“Here is what I do: either monthly or as occasions require, I generate a list of what I want to do with money, load the amount into a particular ATM card, and get a designated officer to withdraw the amount for me in the bank.

“For salaries and other regular commitments, I give transfer instructions . “Except in rare cases of emergencies, it is difficult to just bump on me for money .

“I am deliberate and intentional in my spending,” he said.

On giving, another said he has developed a method for every given expenditure .

He said, “I have a specific amount allocated to charity and other acts of benevolence; and once that is exhausted, anybody coming for help has to join the queue.”


Some of them have come to see relationship building as a strategy of some sort for wealth building, so they spend time to build quality relationships which have paid off handsomely in the end .

Two of them have earned seats on the Boards of blue-chip companies without shelling out cash.

One of them explained the strategy this way:

“One of the most important rules for me is invest in people. Investment in people to me is much more important than investment in stocks.

“What is more important to me is to make investments in people.

“When any of these people creates wealth, there is an increase in pool for the whole society.

“Yes, many will be ungrateful and will never come back to you. But like in venture capital, if it is only one that is grateful and comes back, it pays for all others.”

Another one using this strategy put it this way: My motivation for investing has never really been about the money.

“I am motivated more by a desire to use my knowledge, experience, contacts and relationships to help a younger person to get ahead.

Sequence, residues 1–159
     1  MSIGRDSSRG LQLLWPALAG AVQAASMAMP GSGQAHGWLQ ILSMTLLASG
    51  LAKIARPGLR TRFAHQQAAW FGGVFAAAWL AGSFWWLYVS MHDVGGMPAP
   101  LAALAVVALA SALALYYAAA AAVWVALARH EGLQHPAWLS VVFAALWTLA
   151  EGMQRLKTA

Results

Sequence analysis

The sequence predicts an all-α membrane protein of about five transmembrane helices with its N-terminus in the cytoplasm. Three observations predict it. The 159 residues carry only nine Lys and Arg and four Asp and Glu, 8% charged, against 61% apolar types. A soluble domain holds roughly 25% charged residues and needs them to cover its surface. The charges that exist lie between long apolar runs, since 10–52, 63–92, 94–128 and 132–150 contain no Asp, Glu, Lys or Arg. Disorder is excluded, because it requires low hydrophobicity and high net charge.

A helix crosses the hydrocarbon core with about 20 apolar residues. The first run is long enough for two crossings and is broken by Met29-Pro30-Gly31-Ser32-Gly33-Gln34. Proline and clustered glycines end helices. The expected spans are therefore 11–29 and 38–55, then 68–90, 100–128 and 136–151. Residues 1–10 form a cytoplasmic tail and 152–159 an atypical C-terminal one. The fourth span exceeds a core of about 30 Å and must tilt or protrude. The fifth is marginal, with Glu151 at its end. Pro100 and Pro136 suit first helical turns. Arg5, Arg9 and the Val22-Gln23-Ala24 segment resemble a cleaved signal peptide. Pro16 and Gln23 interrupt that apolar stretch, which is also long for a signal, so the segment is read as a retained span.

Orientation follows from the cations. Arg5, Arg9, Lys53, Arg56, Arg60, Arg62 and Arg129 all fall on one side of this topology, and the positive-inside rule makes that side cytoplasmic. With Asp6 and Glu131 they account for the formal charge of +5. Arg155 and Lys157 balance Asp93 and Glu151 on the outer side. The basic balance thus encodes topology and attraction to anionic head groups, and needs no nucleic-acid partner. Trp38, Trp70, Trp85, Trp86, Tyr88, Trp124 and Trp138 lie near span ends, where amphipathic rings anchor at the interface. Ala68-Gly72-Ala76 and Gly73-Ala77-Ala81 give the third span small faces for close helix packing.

“It is, therefore, not an accident that most of my investments are with young entrepreneurs and start ups.

“I will give them a bit of money, but more valuable than the money, I give them are my time, access to me, and my network, hand-holding them, and mentoring them.


A common trait I also discovered among these Wealthmasters is their focus on how to make the most of each day, using a number of strategies. Their central belief is that time is the most precious resource you have while on earth, and so must be invested in activities that add value.

One of them put it nicely: “You can lose your car and buy another one; you can lose your business and build another one over time; you can lose money and generate far more that you have lost in the process of time.

“But once you lose a minute, it is gone forever. Every minute that passes actually draws you closer to the grave.”

Most of them ensure that their to-do-lists consist of specific tasks that must be done in a day that will bring them closer to the fulfillment of their visions and assignments on earth. And they do this when they are at the peak of their energy, usually in the early part of the day.

They don’t just come with to-do lists; they ensure they use the lists to daily advance what God has called them to do.

One of them told me that any CEO that starts his day in the morning has already lost that day.

He said: “I have tried the method (of using the night season to plan) for years, and it has increased my productivity beyond imagination.”

In his words: “I write, pray, meet, and do all sorts of brain work in the night.

“So, when I show up in the day, I am starting the second day with my colleagues who are still confused on how to start the day.”

You can call it squeezing two days out of a day.